• Carrying everything we need, no support, however staying in nice hotels and not camping.
  • Gravel bikes meaning we could get off the main roads which we would do as much as possible.

There were some places we really wanted to visit, like Seville (I had a bike race finish there a few years ago) and Sanlúcar (Louise went to Flamenco dance classes there as a teenager).  We also really wanted to see Granada but the first planning observation was the vast size of the Andalucía province compared to others in Spain. With just 5 days and taking into account the chillier mountain weather in January, we crossed out Granada for a future visit. We would focus on the main cities of Seville and Cordoba instead.

Bike Gear for Bikepacking: The Bikes

Louise would ride her custom RS Cycles Columbus tubing steel gravel bike. Its so small it only takes 650 wheels and those were given a tyre upgrade to the faster rolling gravel kings. Her bags were the lightweight Restrap collection  since those fit nicely on her tiny bike.

The Eat Sleep Cycle workshop built me a Ritchey  Outback especially for the trip. I used the Ortlieb bags from our rental equipment. Both Louise’s and my bike were powered by the SRAM Force AXS groupset for extra smooth shifting, though Louise had the Mullet upgrade.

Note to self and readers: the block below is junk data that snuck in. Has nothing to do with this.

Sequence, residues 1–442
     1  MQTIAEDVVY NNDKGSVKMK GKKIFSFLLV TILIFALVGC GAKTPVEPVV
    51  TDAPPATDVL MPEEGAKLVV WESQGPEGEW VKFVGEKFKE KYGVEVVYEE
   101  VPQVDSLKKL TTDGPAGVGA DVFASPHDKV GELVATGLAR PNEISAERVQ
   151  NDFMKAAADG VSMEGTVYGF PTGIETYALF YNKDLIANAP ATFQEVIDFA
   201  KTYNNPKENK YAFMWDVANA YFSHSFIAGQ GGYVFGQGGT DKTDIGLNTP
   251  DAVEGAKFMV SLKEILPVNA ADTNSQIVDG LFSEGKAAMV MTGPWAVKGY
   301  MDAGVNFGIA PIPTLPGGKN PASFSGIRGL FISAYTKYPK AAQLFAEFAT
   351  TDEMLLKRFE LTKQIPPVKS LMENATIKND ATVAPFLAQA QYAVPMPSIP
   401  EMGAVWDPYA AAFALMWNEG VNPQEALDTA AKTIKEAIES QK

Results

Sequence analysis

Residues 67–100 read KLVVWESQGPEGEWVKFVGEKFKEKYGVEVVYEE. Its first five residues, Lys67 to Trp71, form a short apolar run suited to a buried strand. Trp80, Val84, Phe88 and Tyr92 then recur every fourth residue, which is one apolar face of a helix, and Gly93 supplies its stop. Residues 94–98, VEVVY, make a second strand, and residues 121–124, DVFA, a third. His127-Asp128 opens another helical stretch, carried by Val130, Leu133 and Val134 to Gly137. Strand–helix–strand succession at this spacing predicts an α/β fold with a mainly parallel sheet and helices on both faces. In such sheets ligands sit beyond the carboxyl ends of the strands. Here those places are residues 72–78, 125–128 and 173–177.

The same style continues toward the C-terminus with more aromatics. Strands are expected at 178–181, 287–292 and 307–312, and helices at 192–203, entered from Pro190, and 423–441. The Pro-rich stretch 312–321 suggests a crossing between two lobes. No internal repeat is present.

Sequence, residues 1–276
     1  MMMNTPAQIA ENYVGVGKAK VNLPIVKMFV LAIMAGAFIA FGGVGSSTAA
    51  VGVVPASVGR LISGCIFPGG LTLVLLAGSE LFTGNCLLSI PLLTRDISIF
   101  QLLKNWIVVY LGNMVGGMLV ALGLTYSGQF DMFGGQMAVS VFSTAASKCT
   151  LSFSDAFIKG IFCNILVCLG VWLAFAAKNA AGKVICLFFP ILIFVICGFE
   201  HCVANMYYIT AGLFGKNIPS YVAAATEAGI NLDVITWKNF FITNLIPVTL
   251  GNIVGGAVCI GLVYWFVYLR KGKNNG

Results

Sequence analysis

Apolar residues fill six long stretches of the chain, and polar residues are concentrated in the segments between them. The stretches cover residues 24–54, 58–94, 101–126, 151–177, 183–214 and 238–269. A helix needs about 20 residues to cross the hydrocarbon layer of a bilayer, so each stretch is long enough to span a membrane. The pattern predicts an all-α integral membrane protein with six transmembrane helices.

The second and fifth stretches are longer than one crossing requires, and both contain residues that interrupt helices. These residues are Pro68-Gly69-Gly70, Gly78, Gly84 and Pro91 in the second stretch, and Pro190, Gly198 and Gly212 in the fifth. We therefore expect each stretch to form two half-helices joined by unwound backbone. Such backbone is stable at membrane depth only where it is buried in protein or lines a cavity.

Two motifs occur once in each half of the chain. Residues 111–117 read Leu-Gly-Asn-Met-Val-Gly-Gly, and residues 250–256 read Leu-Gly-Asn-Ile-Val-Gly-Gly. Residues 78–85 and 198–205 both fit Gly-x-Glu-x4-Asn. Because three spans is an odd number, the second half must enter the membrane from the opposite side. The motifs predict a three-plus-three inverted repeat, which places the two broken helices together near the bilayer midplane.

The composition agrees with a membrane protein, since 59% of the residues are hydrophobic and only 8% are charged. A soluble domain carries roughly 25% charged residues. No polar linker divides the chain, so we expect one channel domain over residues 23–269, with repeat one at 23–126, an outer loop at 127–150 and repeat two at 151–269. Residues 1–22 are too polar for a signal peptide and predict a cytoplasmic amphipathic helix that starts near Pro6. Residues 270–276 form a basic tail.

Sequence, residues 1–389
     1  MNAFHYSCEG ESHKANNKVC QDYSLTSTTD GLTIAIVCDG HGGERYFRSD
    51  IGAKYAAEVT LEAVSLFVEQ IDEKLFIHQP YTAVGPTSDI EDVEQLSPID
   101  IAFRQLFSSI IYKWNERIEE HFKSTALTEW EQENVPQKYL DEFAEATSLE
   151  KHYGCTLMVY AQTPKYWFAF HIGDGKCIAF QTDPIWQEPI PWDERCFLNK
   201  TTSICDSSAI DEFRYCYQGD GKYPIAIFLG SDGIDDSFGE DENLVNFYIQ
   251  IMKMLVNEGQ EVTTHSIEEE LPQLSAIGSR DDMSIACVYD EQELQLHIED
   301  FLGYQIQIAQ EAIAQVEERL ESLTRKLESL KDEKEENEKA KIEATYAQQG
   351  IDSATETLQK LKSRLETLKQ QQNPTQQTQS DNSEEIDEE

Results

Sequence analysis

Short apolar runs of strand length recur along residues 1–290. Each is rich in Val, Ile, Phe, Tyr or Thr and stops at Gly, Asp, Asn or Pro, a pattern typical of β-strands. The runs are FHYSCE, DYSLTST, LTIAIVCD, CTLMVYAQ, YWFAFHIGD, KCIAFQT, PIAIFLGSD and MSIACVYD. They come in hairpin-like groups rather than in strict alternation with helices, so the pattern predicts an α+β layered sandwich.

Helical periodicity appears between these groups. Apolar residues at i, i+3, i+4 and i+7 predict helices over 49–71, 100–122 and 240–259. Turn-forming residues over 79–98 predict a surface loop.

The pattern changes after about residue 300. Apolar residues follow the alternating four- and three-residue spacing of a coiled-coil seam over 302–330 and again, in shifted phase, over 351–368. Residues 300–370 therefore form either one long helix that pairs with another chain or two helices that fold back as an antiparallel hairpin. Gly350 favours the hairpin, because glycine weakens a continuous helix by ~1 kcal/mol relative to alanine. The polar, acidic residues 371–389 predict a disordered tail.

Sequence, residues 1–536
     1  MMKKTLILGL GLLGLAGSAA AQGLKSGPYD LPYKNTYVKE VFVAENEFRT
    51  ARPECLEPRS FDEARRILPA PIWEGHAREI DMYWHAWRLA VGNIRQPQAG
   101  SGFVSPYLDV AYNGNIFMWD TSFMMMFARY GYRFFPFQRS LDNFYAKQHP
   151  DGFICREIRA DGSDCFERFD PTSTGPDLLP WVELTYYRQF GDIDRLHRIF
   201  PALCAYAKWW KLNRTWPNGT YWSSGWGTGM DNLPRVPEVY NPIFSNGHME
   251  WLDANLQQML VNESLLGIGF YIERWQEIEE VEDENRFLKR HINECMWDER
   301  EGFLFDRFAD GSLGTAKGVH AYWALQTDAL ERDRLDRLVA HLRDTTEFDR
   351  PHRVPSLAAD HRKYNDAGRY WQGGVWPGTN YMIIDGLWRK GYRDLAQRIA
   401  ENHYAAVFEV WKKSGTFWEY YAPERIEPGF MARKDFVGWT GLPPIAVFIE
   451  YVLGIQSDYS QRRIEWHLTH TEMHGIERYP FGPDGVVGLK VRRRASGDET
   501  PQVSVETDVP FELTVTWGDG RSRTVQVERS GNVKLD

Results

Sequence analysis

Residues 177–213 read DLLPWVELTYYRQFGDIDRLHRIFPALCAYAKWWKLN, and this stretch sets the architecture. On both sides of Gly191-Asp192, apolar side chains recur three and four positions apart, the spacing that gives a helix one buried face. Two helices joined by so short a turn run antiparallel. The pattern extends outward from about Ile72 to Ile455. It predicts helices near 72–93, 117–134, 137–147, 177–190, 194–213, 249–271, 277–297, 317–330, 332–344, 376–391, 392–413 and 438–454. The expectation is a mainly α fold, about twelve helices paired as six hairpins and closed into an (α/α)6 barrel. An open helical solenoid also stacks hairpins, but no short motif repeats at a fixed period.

RS-Cycles-Ritchey-Bikepacking-Set-Up-Eat-Sleep-CycleThe Bikepacking Adventure Begins: Arrival in Cordoba

We decided to start in Cordoba, the closest driving distance from Girona. Why not take the train I hear you ask? Of course we would prefer this, however getting the bike on the high speed AVE train that crosses Spain is not guaranteed. It needs to be in a case, or bag, so you can try with a large bin bag, but we just couldn’t take that risk on this occasion.

Arriving in Cordoba was a joy. What a peaceful city with easy access from Orange tree-lined roads. We even managed to park the car for free for a week (practically for free – we paid a gentleman €1.50 a day to watch it which seemed to be part of a great local government program).

Cordoba to Osuna, 92 Km, 537 m elevation, 60% gravel

The gravel bikes came into their own right away, leaving the city under the main roads and immediately out onto the olive tree lined via verde, with Cordoba gradually shrinking in the distance.

Immediately we got a sense of the size of Andalucía, vast bare fields, only green where farmers irrigate extensively. Thousands of olive trees as far as the eye could see. This is where touring by bike is really a treat – on a map it looks like nothing special and in real life the views are spectacular!